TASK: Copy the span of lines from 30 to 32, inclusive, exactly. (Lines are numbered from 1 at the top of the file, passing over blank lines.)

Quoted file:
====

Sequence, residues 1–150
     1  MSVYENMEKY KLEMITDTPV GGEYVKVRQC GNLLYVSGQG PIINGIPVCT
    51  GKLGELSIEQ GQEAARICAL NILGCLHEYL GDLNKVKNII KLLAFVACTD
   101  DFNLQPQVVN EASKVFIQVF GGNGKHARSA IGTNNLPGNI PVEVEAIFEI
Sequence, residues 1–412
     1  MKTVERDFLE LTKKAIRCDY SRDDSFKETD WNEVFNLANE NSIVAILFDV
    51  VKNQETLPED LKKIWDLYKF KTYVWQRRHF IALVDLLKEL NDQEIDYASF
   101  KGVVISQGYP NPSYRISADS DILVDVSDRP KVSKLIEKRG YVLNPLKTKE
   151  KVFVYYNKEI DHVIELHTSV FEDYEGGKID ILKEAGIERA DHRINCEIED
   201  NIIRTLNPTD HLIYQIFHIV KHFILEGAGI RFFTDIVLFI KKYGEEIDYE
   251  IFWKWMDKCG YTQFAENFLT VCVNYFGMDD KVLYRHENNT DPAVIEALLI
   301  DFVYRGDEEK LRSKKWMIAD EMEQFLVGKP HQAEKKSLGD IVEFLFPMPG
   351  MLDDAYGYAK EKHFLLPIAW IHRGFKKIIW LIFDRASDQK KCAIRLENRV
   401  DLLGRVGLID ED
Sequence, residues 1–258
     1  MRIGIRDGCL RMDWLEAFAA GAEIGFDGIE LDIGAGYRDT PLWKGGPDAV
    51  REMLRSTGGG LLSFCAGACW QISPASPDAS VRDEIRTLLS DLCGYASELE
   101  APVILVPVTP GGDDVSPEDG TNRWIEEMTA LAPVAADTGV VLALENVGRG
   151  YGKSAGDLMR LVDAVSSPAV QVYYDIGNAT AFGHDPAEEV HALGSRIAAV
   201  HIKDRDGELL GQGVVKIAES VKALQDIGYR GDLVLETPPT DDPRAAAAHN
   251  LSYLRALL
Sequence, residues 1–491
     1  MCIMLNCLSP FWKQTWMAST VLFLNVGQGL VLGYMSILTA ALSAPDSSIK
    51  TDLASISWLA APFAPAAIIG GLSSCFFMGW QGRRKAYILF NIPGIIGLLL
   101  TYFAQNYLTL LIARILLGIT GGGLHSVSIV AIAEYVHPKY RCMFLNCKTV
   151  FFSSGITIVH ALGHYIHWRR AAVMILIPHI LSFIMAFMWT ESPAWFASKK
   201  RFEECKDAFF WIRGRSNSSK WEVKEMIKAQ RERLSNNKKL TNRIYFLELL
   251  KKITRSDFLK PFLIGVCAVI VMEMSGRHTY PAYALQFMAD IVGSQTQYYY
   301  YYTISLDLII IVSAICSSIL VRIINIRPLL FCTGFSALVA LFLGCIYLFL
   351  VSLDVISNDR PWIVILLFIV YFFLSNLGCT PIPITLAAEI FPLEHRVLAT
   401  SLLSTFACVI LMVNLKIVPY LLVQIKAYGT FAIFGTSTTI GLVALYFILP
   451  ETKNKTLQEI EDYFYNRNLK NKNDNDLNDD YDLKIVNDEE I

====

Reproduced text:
   351  VSLDVISNDR PWIVILLFIV YFFLSNLGCT PIPITLAAEI FPLEHRVLAT
   401  SLLSTFACVI LMVNLKIVPY LLVQIKAYGT FAIFGTSTTI GLVALYFILP
   451  ETKNKTLQEI EDYFYNRNLK NKNDNDLNDD YDLKIVNDEE I